London Symphony Orchestra/ Pappano, Barbican Hall
Writer and broadcaster Edward Seckerson is Chief Classical Music and Opera Critic for The Independent. He wrote and presented the long-running BBC Radio 3 series Stage & Screen, in which he interviewed many of the most prominent writers and stars of musical theatre. He appears regularly on BBC Radio 3 and 4. On television, he has commentated a number of times at the Cardiff Singer of the World competition. He has published books on Mahler and the conductor Michael Tilson Thomas, and has been on Gramophone Magazine's review panel for many years. Edward presented the 2007 series of the Radio 4 music quiz Counterpoint. He has interviewed everyone from Leonard Bernstein to Liza Minelli; from Paul McCartney to Pavarotti: from Julie Andrews to Jessye Norman.
Wednesday 11 January 2012
almost as if the London Symphony Orchestra had enjoyed advance notice of
Antonio Pappano’s well-deserved Knighthood in the New Year’s Honours list.
The all-English programme made for a stylish celebration, Sir Antonio (a slight incongruity there) conducting Elgar’s First Symphony with fabulous authority, the London Symphony Orchestra piling on the opulence like a state occasion.
But first came a shifty side-step into the seedier twilit world of the British establishment as the Dances from Thomas Ades’ first opera Powder Her Face oiled their way across the threshold. From louche foxtrot to tawdry tango, these dances - amplified back in 2007 from chamber to orchestral proportions - say more about the “dirty” Duchess of Argyll’s divine decadence than the rest of the opera put together. This is Ades at his most fantastical (scarifying textures and curdled harmonies) holding up a distorting mirror to the scandalous and unseemly and thoroughly relishing the imagery in his mind’s eye. Pappano’s prowess as a jazz pianist enabled him to stretch the sinuous and sexy rubatos to delicious excess though a few anxious moments of faltering ensemble hinted at limited rehearsal time.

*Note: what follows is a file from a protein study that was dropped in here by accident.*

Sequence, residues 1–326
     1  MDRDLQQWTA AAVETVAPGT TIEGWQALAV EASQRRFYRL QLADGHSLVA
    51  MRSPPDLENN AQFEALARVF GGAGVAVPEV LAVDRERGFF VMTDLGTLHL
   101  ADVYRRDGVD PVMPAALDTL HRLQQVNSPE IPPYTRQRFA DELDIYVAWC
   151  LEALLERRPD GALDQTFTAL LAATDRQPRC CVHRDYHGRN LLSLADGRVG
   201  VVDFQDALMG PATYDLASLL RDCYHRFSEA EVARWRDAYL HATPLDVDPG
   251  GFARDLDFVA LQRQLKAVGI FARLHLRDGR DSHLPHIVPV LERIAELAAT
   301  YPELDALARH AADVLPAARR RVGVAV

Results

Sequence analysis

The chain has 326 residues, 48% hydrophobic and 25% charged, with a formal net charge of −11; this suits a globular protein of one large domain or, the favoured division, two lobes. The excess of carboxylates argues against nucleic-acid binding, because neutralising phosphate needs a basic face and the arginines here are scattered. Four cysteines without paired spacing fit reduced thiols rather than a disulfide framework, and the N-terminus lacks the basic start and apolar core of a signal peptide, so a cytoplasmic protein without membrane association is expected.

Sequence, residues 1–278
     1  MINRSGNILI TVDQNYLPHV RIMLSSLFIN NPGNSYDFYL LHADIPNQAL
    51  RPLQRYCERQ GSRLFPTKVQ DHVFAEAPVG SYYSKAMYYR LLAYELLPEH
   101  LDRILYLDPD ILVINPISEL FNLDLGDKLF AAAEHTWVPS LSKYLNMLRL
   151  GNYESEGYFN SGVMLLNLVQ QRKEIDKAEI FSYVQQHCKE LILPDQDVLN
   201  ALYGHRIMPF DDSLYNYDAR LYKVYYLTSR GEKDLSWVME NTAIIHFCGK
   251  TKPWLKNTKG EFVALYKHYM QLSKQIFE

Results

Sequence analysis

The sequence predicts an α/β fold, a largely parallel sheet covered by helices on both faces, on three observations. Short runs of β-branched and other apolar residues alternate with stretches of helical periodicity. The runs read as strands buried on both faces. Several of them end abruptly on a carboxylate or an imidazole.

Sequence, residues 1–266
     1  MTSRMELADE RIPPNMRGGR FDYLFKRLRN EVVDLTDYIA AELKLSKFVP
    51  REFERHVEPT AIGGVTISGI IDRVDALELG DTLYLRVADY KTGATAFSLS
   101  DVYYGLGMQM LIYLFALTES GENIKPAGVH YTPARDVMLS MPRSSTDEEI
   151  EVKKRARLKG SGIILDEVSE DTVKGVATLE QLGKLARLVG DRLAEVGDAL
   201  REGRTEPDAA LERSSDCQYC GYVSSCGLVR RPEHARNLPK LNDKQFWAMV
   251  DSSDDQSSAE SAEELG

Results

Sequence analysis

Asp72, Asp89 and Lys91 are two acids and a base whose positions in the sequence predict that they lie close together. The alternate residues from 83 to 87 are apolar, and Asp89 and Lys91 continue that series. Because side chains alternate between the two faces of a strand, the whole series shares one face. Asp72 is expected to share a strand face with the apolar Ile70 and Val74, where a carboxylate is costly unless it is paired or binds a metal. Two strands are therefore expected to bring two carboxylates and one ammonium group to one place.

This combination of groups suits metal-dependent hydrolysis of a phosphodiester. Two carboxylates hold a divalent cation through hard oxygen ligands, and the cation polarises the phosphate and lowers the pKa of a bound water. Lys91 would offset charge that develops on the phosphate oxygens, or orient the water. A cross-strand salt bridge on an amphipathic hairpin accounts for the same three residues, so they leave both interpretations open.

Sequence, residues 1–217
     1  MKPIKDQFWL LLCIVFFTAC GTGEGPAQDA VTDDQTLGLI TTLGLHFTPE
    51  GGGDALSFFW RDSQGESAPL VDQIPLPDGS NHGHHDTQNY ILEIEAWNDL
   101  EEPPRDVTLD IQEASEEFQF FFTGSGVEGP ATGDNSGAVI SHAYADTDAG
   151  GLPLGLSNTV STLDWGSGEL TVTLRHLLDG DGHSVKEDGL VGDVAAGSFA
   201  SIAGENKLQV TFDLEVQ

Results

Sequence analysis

Not so the remarkable performance of Walton’s equally remarkable but too infrequently heard Viola Concerto. A few bars into the sultry opening theme and from the beauty of his dark, grainy tone and innately pliant phrasing it was plain that Antoine Tamestit was a violist through and through, not a violinist given to moonlighting on the viola. There was something wonderfully organic about this performance, an understanding of its sound world as complete as that of the composer for his chosen instrument. How skilfully Walton exploits the androgynous character of the viola, at once darkly enigmatic (shades of Ades’ Duchess) and gruffly extrovert. Tamestit encompassed it all – the dusky, almost Hollywood, exoticism and the trenchantly motoric.
And it’s the violas, of course, who lead off the great nobilmente theme at the start of Elgar’s First Symphony – and what a journey it portends. Pappano’s magnificent achievement here was to trace the great arc of the symphony from that first noble utterance to its ecstatic return at the close. He was uncompromising in conveying the turbulent winds of change that buffet the lyric elements of the piece throughout the long first movement and beyond. There was inwardness in the healing hush which lays the slow movement to rest, there were thrills in the tumultuous string playing of the close, but above all here was a performance which celebrated the impassioned face of Englishness.
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